Las Vegas: Watery graves starting to cough up Sin City's darkest secrets
In a grueling decades-long drought, Lake Mead is drying up and its receding waters are leaving behind the usual flotsam and jetsam of a lake heavily trafficked by weekend boaters
The watery graves outside Las Vegas are starting to cough up Sin City's darkest secrets as climate change is messing up with the mafia.
In a grueling decades-long drought, Lake Mead is drying up and its receding waters are leaving behind the usual flotsam and jetsam of a lake heavily trafficked by weekend boaters.
After authorities found the remains of a human being stuffed in a barrel they discovered that he had been shot in the head.
Geoff Schumacher of The Mob Museum in Las Vegas told news agency AFP that "The mob had a propensity to put people in barrels, whether they're burying them in a lake, or dumping them out in the field."
''That's number one. Number two, the person was shot in the head, typical mob hit style.''
"And third, we know that this happened in the late '70s, early '80s (when) the mob was very prominent in Las Vegas."
In the 20th century, an improbable oasis of hotels, casinos, and vice sprouted in the baking Nevada desert.
The population of Las Vegas swelled in the 1930s after work began on the nearby Hoover Dam even though it had been founded in 1905.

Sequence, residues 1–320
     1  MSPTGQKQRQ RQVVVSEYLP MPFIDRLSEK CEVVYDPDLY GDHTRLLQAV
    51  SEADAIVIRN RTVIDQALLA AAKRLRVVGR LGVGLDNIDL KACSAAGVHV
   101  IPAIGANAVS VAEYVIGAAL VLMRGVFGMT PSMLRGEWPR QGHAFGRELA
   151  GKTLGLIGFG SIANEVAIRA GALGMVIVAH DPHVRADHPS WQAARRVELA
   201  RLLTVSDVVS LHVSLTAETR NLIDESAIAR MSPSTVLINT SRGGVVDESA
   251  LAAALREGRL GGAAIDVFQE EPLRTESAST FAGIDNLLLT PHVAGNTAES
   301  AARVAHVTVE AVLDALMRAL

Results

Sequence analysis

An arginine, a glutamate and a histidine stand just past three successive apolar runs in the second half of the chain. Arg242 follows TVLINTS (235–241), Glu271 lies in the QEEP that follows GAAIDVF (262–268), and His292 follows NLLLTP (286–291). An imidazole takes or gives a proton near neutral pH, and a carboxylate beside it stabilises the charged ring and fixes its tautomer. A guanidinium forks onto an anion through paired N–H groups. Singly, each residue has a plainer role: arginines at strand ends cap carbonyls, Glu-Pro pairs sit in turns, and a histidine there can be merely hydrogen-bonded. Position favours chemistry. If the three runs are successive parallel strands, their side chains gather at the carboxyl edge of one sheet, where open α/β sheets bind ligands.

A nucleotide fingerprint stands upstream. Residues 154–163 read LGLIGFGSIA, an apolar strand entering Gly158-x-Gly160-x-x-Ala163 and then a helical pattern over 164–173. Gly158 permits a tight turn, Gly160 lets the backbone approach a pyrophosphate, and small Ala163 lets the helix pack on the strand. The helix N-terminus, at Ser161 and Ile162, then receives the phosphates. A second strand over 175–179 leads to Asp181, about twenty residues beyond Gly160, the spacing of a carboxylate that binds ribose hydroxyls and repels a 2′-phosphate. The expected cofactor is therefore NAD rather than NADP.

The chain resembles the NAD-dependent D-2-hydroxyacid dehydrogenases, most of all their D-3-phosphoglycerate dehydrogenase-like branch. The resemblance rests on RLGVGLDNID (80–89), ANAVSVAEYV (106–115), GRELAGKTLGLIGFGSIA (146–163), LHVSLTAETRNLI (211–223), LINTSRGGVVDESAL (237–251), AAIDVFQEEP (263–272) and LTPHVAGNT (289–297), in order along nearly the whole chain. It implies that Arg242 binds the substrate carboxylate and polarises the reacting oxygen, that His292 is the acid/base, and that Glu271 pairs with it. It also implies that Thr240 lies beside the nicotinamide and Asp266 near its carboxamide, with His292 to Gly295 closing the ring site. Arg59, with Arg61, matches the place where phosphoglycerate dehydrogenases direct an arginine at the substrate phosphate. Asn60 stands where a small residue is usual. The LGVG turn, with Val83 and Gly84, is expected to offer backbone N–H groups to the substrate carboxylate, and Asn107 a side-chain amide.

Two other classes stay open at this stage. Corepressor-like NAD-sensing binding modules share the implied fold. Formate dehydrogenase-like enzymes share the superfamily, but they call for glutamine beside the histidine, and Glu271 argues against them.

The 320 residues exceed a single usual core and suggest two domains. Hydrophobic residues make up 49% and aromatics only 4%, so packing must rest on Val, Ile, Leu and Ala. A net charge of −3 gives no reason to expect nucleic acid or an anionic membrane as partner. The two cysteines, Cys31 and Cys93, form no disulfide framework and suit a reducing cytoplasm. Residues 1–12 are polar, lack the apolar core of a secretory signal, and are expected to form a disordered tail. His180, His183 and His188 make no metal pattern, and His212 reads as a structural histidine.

Organised crime was lurking in the background following an influx of construction workers which created a market for entertainment, which was filled by sex workers, showgirls, and legalised gambling.
"The mob played a pretty big role in the development of Las Vegas from the 1940s through the 1980s," said Schumacher.
"There was a lot of behind-the-scenes activity where the mob was controlling the management of the casinos, but also building and expanding the casinos, using in many cases, Teamsters union money."
He believes that the body found belongs to Jay Vandermark, who worked at the Stardust Hotel, an operation run by Frank "Lefty" Rosenthal on behalf of the Chicago Mob.
Becoming the global capital of gambling, the city grew rich in the post-World War II boom that fueled the American dream.
A mafia boss in Chicago or New York wanted his cut for every $100 that a hapless tourist lost at the blackjack table in a fug of free booze.
(With inputs from agencies)
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